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Distance education

Winter 2009

Yolandé McVey ’07—Taking life back

The heroine of Love’s Secrets puts on perfume, goes to a barbecue, and meets Rod: caramel skin, wavy hair, muscles, and commitment issues.

The author of Love’s Secrets can never do two of those three things. Exposure to perfume or barbecue smoke could kill Yolandé McVey ’07, who suffers from severe asthma and allergies. “I’m so allergic to everything that when I was given an allergy test, I went into shock,” she said. “They had to call an ambulance to take me to a hospital.”

McVey began to lose ground in her lifelong battle with respiratory problems in 1997. She had just moved to … » More …

Summer 2003

The Great Conversation

As diverse as the state, each of Washington State University’s 10 learning centers has its own character, determined both by location and by the personality of its staff. But they share a common mission—to provide opportunity throughout the state to all place-bound adults who desire further education. The learning centers combine “high tech” delivery methods and “high touch” service of the resident staffs, to provide opportunity that would not otherwise be available. Last fall, North Olympic Peninsula Learning Center coordinator Robert Force presented this evocative paean to the experience to Provost Robert Bates and other visiting administrators.

One Saturday evening I was wearing my Washington State … » More …

Spring 2003

The More You Learn: Distance Degree Program celebrates its tenth

What it came down to was that Michele Candela needed a college education-but it was going to have to come to her rather than her going to campus. When she made the trip from Bainbridge Island to Pullman for commencement last May, it was the first time she’d ever set foot on campus. Or met, face to face, the staff of the Distance Degree Program who helped her achieve a bachelor’s degree in social science (with a 4.0, it should be mentioned), working from the private classroom she shares with a husband and four children a few miles outside of Kingston.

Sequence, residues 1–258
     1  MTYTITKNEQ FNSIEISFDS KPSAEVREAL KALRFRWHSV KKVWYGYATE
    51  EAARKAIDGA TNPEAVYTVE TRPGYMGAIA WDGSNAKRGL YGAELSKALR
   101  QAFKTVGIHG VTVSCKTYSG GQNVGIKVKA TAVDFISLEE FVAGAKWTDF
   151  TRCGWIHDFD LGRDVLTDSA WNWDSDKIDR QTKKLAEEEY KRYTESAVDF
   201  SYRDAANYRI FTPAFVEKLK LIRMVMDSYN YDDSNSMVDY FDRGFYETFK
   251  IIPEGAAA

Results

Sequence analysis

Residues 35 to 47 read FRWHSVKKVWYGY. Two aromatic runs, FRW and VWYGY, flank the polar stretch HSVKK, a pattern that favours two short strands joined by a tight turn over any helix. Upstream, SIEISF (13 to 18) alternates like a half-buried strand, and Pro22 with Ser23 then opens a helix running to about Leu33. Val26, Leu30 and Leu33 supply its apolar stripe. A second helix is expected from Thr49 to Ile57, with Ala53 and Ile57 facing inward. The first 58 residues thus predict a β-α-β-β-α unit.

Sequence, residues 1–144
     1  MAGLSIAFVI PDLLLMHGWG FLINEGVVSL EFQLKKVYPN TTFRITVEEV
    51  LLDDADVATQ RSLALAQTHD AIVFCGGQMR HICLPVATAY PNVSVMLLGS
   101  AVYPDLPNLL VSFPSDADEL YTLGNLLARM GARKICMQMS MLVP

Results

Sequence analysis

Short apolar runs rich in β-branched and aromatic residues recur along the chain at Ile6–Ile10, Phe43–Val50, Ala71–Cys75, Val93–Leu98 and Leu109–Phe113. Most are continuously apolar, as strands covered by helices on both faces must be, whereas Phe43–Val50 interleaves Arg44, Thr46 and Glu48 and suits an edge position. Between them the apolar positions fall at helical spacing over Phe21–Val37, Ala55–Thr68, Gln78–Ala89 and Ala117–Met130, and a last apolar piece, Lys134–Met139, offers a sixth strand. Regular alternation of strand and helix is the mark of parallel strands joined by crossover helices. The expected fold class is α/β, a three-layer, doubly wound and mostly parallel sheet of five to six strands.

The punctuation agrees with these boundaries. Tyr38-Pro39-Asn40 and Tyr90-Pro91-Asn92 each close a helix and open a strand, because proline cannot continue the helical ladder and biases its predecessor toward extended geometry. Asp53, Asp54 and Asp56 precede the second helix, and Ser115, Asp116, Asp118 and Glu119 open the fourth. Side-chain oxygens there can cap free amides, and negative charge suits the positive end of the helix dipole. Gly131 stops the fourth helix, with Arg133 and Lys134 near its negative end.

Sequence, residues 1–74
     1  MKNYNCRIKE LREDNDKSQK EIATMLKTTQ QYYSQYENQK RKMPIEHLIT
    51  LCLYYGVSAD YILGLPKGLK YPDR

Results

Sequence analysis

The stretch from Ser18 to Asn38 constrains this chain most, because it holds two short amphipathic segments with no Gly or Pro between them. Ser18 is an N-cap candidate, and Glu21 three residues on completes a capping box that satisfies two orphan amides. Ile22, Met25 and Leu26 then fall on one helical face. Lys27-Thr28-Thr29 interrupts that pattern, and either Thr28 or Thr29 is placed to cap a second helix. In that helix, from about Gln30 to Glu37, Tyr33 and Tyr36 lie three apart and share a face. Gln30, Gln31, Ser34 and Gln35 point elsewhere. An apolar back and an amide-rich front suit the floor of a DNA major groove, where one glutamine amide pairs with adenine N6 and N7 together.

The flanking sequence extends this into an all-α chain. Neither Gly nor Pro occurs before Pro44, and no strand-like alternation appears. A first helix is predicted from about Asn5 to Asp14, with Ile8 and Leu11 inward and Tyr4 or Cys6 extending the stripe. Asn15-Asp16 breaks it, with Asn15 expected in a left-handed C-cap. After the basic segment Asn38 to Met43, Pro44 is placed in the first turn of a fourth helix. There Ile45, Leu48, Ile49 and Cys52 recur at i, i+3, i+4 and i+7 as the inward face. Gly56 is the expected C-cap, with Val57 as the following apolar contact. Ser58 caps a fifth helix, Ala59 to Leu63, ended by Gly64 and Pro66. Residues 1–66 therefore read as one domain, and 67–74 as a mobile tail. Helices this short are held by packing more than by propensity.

“If you look at … » More …

Summer 2009

In from the fields

A dozen preschoolers puff into plastic wands, shrieking as soap bubbles kite across the classroom. Sylvia Guzman, 29, sits cross-legged on the floor, next to a poster showing ways to calm down (put hand on tummy, take deep breaths). She reads aloud in Spanish: “There are three amigos.” She points to the book. The children flock around. She turns the page. “Four armadillos. How many armadillos? Let’s count them.” They count together—“Uno, dos, tres, cuatro”—as one boy stomps errant bubbles. “Look. Five cows,” she says. “What does a cow say?” Everyone moos in unison.

Guzman, a Distance Degree Program student at Washington State University, has … » More …